The writer Sebastian Faulks recently commented on the Quran that:
“It’s a depressing book. It really is. It’s just the rantings of a schizophrenic. It’s very one-dimensional, and people talk about the beauty of the Arabic and so on, but the English translation I read was, from a literary point of view, very disappointing.
“There is also the barrenness of the message. I mean, there are some bits about diet, you know, the equivalent of the Old Testament, which is also crazy. If you look again at those books of the law, Leviticus or Deuteronomy, there’s a lot about who you are allowed to sleep with, and if a man had lost his testicles he wouldn’t enter into the presence of God, that is just terrible. But the great thing about the Old Testament is that it does have these incredible stories. Of the 100 greatest stories ever told, 99 are probably in the Old Testament and the other is in Homer.
“With the Koran there are no stories. And it has no ethical dimension like the New Testament, no new plan for life. It says ‘the Jews and the Christians were along the right tracks, but actually, they were wrong and I’m right, and if you don’t believe me, tough — you’ll burn for ever.’ That’s basically the message of the book.”
I ask if he had talked to many British Muslims before beginning to write. “I didn’t, actually, no. I read some books and I’ve got a few Muslim friends, but I thought I’d get it better from books and from reading the source.”
He later retracted and apologised (making himself look rather foolish) claiming his comments had been taken out of context:
"While I believe the voice-hearing of many Old Testament prophets and of John the Baptist in the New might well raise psychiatric eyebrows today, it is absurd to suggest that the Prophet, who achieved so much in military and political – quite apart from religious – terms, can have suffered from any acute illness. Only a fully cogent and healthy person could have done what he did," Faulks told the Guardian today. He went on to offer "a simple but unqualified apology to my Muslim friends and readers for anything that has come out sounding crude or intolerant. Happily, there is more to the book than that."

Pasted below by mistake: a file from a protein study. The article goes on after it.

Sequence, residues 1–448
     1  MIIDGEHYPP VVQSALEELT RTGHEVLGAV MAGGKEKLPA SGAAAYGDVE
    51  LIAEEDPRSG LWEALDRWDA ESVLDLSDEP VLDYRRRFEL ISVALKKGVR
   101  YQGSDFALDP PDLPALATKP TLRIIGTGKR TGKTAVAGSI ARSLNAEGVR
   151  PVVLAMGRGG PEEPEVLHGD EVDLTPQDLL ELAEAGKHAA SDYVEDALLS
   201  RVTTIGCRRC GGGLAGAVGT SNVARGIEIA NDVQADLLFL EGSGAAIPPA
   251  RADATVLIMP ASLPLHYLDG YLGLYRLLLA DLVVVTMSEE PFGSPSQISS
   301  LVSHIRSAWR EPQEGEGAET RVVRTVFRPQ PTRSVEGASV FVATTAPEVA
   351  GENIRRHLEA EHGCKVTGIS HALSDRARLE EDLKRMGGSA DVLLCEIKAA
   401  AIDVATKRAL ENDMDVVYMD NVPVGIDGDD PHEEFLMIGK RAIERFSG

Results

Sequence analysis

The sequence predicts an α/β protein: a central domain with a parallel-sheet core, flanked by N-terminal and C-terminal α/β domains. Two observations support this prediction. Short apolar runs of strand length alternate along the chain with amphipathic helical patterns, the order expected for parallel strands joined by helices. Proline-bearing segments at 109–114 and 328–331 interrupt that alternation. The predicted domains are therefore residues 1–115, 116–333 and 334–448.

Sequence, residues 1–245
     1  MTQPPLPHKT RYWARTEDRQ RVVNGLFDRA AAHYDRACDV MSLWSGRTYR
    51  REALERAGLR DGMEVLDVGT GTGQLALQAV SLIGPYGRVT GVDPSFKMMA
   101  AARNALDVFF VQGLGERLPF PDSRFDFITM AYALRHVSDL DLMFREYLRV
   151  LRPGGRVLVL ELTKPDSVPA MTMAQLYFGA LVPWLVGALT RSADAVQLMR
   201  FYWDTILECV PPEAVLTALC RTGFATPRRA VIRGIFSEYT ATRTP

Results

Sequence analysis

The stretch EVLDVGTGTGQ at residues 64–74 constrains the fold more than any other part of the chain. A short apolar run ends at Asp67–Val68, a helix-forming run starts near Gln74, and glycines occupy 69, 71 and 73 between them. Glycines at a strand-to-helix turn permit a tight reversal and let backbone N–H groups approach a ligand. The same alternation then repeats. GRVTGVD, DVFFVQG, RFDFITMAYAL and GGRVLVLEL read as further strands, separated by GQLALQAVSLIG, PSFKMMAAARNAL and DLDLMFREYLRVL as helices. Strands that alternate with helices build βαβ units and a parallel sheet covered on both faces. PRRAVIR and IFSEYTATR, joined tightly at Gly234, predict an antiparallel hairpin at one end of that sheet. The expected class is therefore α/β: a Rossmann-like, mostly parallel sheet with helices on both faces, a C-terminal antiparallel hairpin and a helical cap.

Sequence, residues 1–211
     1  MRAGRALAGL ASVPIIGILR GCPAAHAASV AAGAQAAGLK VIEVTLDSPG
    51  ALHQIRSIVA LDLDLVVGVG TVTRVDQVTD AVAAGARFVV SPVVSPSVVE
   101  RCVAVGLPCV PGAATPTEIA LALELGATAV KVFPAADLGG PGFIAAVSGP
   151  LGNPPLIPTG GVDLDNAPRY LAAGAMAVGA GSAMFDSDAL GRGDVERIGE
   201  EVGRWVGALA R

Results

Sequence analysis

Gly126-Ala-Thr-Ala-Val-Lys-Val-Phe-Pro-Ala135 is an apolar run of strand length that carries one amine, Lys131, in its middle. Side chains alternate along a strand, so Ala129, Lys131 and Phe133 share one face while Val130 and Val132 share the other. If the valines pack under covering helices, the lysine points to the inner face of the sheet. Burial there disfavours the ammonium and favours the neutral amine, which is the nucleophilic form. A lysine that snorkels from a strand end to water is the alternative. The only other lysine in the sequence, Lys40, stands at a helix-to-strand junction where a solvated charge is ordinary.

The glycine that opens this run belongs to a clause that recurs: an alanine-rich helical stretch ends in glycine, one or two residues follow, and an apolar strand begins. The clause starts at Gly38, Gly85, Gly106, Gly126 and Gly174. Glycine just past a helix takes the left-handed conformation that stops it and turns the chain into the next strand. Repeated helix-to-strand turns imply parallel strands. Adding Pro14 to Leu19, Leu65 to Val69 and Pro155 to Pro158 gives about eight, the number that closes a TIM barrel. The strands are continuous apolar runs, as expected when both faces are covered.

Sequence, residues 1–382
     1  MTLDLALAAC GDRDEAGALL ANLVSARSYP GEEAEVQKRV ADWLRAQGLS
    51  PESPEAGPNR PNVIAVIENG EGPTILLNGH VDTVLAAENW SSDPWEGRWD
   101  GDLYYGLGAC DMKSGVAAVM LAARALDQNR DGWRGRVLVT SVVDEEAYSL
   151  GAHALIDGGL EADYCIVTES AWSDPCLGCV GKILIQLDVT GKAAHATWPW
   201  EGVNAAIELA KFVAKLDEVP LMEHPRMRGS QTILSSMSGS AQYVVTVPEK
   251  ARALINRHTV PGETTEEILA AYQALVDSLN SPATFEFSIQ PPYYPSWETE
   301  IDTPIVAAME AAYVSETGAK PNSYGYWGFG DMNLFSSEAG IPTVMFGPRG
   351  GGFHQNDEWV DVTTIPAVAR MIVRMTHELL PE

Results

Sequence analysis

I am no fan of Ziauddin Sardar, but he has responded well to the whole episode in the Guardian saying:
"Frankly, the "offence" does not bother me. If Faulks finds the Qur'an "a depressing book", so be it. The Qur'an itself says he is entitled to his opinion. What concerns me is the monumental arrogance on which such judgments are made. They assume there must be only one – the western – way for things to be. If the Qur'an is a religious text then it must be like the Bible; otherwise it is worthless. If it is a literary text then it must resemble the work of a western novelist, otherwise it is "very disappointing" and "one-dimensional". The complex, multilayered religious and literary texts of other cultures can only be viewed through a single, monochromatic lens.
Given "the barrenness of the message", how could it motivate the believers to develop science and learning, promote reason and experimental method, establish universities and research-based hospitals, and advance philosophical inquiry? How could the mere "rantings of a schizophrenic" produce philosophers such as Ibn Sina and Ibn Rushd, the multicultural society of Muslim Spain and the architecture of the Blue Mosque? If the Qur'an has no artistic merit, how did it inspire the poetry of Nizami and Iqbal, the masterpieces of Rumi and al-Attar, and the music of Nusrat Fatah Ali Khan that is all the rage in certain western circles?
I would be the last person to suggest that the text of the Qur'an is easy. It does require some effort and research. But what did Faulks' "breathtaking" research amount to? He read a single, bad translation. He thought it was unnecessary to consult his Muslim friends. But he did not even bother to read the poor translation properly."
It was nice to see an apology and a measured response rather than the usual angry reaction which benefits no-one. I always think, don't get angry, make dawah insh'Allah on the point that is being discussed, use it as an opportunity to educate. Perhaps we are maturing as a community? I certainly hope so.